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“You are an alchemist; make gold of that.” ~Timon of Athens. Act V. Sc. 1. L. 117
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Spin, spun, span
the world in her fingers.
No wheel is too small,
no metal too fat,
no dwarf too short,
for her to guess what lies
inside each, hidden and frozen.
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She knows her purpose
before she’s even born —
who else among us is so lucky?
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She’s not shut up in a tower
like some. Her hair doesn’t matter.
Her voice either.
If she had wings of a bird,
she would only use them
to fan herself cool from the
mutation’s heat.
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There are days when
all she tastes is the
dust of sun. It grits the needles
of her teeth, splits the seam
of her lips.
The goose licks her dry.
Only she knows the secret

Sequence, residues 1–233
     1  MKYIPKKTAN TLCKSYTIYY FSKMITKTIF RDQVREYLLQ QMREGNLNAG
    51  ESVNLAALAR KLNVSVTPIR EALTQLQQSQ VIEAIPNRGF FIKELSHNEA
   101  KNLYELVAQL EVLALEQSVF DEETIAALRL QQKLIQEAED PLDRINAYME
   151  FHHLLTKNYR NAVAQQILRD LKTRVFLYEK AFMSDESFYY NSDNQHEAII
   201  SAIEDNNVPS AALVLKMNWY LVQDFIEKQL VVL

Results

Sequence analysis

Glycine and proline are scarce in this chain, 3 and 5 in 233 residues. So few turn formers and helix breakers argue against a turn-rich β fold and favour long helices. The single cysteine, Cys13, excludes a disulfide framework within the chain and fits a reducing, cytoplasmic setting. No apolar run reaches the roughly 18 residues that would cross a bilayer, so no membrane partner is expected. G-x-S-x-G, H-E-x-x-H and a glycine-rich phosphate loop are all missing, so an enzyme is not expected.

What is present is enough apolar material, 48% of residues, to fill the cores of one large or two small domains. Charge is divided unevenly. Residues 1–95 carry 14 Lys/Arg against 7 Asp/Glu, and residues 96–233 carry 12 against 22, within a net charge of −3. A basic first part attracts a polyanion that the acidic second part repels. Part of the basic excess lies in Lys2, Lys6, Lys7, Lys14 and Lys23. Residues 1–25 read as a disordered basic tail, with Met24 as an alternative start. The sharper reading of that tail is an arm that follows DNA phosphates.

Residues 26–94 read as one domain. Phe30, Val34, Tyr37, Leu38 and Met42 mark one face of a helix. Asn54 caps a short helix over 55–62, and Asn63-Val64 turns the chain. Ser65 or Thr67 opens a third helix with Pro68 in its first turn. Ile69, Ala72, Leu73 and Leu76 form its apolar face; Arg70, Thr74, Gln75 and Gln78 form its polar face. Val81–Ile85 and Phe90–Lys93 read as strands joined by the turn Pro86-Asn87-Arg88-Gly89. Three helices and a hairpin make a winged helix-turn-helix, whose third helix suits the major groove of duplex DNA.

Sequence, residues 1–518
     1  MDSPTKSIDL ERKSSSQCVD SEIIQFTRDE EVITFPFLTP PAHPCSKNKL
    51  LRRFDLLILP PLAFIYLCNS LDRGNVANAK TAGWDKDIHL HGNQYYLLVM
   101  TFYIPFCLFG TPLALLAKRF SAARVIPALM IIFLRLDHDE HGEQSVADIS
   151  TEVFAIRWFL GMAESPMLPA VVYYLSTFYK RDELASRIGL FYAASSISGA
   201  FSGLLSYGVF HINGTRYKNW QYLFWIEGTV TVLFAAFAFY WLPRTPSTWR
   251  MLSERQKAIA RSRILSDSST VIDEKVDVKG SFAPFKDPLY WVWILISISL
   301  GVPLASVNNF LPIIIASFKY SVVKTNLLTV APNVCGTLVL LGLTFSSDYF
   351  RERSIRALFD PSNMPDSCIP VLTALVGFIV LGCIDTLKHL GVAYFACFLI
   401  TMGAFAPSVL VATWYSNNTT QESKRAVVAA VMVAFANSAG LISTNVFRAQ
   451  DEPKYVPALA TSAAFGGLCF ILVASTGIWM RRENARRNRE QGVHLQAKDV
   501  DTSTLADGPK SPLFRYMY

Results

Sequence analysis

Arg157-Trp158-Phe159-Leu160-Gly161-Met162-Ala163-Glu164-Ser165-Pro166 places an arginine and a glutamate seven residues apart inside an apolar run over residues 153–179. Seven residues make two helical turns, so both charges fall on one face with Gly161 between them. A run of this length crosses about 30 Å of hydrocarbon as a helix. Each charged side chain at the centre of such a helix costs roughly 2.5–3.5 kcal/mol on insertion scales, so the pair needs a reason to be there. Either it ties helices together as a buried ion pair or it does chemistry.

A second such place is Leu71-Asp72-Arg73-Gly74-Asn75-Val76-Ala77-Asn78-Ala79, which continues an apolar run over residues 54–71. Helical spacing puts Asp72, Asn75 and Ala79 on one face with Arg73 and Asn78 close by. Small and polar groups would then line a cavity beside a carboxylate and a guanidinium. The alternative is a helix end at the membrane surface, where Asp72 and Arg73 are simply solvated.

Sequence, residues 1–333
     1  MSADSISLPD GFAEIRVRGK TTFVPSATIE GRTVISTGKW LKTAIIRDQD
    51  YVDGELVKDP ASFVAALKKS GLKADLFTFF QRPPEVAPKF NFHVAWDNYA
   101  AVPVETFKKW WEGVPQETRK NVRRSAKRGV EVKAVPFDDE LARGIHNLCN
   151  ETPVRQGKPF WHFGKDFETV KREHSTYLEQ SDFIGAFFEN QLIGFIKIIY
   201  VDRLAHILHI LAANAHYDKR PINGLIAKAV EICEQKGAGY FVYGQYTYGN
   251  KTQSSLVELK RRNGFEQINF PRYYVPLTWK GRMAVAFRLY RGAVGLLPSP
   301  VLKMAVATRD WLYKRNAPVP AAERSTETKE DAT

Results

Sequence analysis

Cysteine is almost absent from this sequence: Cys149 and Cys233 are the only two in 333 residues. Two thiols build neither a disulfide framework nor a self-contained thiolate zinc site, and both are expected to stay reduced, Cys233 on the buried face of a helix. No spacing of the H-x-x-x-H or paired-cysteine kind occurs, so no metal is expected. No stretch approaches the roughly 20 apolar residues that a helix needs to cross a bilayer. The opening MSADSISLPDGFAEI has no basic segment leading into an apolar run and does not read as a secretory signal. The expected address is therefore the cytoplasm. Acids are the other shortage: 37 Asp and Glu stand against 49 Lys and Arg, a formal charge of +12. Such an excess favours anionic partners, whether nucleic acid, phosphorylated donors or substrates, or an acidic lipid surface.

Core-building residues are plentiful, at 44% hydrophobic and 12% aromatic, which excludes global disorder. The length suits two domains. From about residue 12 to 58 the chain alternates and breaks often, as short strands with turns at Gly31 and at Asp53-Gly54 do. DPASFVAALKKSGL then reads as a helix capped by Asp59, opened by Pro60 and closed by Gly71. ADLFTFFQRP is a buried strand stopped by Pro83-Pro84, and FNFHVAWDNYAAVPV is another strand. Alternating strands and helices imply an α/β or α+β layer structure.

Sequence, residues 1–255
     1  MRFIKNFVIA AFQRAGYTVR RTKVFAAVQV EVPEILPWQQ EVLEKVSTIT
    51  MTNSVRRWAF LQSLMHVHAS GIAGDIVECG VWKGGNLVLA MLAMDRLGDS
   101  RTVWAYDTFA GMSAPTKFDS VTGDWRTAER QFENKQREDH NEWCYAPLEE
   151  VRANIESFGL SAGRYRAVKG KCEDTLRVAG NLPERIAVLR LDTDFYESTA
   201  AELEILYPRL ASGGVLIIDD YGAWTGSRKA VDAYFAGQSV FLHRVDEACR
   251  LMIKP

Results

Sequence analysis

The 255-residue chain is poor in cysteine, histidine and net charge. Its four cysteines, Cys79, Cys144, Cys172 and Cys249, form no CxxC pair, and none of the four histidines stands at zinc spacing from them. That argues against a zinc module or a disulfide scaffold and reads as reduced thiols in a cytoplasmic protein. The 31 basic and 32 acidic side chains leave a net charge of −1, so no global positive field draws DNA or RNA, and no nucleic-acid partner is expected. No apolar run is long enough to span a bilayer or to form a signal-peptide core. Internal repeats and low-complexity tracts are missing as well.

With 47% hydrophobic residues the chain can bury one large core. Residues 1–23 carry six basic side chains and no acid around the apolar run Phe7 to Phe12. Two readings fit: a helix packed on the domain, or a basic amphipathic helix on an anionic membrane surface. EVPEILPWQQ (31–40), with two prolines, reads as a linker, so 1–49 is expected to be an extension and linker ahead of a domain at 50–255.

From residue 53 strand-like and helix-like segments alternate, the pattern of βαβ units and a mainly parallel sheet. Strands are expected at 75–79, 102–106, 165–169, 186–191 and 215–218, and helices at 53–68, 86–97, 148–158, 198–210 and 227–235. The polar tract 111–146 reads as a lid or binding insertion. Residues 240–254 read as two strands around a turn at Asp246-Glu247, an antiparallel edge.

of its golden egg.
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When her work is done,
she spends afternoons
lying on the wooden floor
pulling the leftover bits of straw
from the cracks, stroking
each shaft soft,
marveling
at the downy glow,
every lonely and perfect
golden strand.

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About This Poem: Busy day. Four-minute ramble poem. Hah! The idea came from the above quote, which my friend Jason Mashak had on his Facebook today. I don’t know why. I didn’t ask. Just took the idea/image and forged ahead.

About Poem-A-Day: For the month of April (National Poetry Month), I’ve signed on to write a poem-a-day (eeks!). To make it slightly easier on myself, my rules are that I have to write each poem in fifteen minutes or less, and that I have to post it here on the blog as soon as I’m done. No edits. Just rough. Raw. Right out of the gate. (Of course, if you’re playing along, I hope you’ll post a link to your poem in the comments here — mainly because I’m selfish and I want to read them!)

See all my Poem-A-Day poems here.

You can also read some amazing poems-a-day over at Sage Cohen’s blog.

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